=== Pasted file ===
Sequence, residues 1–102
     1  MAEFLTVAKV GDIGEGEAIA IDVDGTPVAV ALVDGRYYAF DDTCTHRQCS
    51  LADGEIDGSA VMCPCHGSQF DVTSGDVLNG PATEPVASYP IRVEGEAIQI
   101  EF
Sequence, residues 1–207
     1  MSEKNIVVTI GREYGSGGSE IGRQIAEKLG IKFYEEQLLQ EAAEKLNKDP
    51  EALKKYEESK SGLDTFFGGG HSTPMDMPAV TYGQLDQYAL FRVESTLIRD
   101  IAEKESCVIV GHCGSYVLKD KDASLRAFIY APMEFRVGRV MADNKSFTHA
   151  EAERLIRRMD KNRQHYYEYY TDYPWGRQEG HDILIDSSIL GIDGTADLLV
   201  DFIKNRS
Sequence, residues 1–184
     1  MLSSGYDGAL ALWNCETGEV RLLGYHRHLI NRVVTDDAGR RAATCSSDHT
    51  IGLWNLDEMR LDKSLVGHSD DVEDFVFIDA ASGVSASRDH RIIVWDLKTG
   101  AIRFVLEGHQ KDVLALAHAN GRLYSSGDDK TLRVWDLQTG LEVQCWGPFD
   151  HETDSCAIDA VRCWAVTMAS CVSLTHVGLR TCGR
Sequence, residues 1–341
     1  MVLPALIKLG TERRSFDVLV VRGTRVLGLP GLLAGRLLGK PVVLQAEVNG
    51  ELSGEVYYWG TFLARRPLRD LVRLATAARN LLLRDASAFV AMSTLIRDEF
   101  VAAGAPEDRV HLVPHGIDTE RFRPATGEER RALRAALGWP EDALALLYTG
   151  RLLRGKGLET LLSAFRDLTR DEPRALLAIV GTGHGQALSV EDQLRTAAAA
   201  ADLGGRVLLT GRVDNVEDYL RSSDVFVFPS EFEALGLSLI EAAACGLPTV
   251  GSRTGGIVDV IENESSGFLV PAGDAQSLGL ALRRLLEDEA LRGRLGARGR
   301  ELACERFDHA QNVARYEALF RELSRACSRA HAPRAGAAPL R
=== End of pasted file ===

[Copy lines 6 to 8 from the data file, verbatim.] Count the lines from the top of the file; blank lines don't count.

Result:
     1  MSEKNIVVTI GREYGSGGSE IGRQIAEKLG IKFYEEQLLQ EAAEKLNKDP
    51  EALKKYEESK SGLDTFFGGG HSTPMDMPAV TYGQLDQYAL FRVESTLIRD
   101  IAEKESCVIV GHCGSYVLKD KDASLRAFIY APMEFRVGRV MADNKSFTHA